Project 100: Electing 100 Women To Congress by 2020

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Currently, women comprise less than 20% of the United States Congress despite the fact that over 50% of the American population is women. Of the 22 women serving in the U.S. Senate, one wasn’t even elected to the office; rather, Minnesota Senator Tina Smith was appointed by Governor Mark Dayton after Al Franken was forced to resigned. In 2016, along with Hillary Clinton’s Electoral College loss to a self-professed serial sexual assaulter, the U.S. made no progress whatsoever in electing more women to Congress. It’s a sad state of affairs.

But hope is not lost. A record number of women are running for Congress in 2018, and with a blue wave likely coming in November, we may see the demographics of Congress shift drastically in just a few months.

Project 100 co-founders Isabel Kaplan, Victor Garcia, Eduardo Ortiz and Danielle Gram.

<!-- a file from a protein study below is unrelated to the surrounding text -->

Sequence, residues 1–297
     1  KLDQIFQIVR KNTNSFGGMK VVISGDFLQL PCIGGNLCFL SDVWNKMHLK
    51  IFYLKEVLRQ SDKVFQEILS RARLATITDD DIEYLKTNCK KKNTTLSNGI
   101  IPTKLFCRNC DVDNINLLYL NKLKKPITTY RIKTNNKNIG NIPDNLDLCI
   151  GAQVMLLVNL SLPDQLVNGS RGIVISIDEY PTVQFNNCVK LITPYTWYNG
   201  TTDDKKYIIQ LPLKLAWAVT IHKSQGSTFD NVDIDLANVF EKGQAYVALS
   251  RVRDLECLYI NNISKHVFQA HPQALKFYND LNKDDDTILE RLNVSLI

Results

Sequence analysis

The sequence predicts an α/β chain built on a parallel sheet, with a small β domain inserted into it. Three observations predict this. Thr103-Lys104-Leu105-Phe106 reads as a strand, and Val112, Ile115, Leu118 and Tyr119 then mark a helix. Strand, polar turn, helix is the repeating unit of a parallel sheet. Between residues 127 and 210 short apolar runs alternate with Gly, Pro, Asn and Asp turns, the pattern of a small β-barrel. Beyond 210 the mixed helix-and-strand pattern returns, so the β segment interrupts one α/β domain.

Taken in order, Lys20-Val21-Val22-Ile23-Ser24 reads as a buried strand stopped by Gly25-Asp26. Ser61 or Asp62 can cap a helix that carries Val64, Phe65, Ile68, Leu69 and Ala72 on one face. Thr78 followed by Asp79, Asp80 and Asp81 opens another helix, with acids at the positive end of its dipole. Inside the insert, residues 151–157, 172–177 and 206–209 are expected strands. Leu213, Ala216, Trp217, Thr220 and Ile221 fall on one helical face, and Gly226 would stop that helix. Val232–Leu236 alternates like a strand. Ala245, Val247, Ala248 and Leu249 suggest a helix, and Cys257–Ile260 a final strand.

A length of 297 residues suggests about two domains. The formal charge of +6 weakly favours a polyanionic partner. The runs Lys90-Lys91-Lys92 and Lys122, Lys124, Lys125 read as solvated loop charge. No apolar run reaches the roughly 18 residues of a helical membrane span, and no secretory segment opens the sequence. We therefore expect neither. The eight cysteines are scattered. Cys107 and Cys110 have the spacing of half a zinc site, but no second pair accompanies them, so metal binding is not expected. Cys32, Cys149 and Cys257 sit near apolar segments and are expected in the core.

Many organizations are working hard to ensure that women are fairly represented at all levels of government. One of them is Project 100, which aims to get 100 progressive women in Congress by 2020, the same year Democrats hope to unseat sexual predator Donald Trump.

Project 100 Executive Director and Co-Founder Danielle Gram joined us on the podcast to discuss the Project 100 movement, how Project 100 is fighting for all women, including LGBTQ women and women of color, and the systemic barriers to women running for office in the two-party system.


Make sure to follow Project 100 on Twitter, like them on Facebook, and check out their website.

Jordan Valerie is a cinephile, filmmaker, journalist, political activist, and proud queer woman of color currently serving as Politics Editor of Millennial Politics and Host of the Millennial Politics Podcast.

You can find her on Twitter and Medium @jordanvalallen and pay her at PayPal.Me/jordanvalallen.


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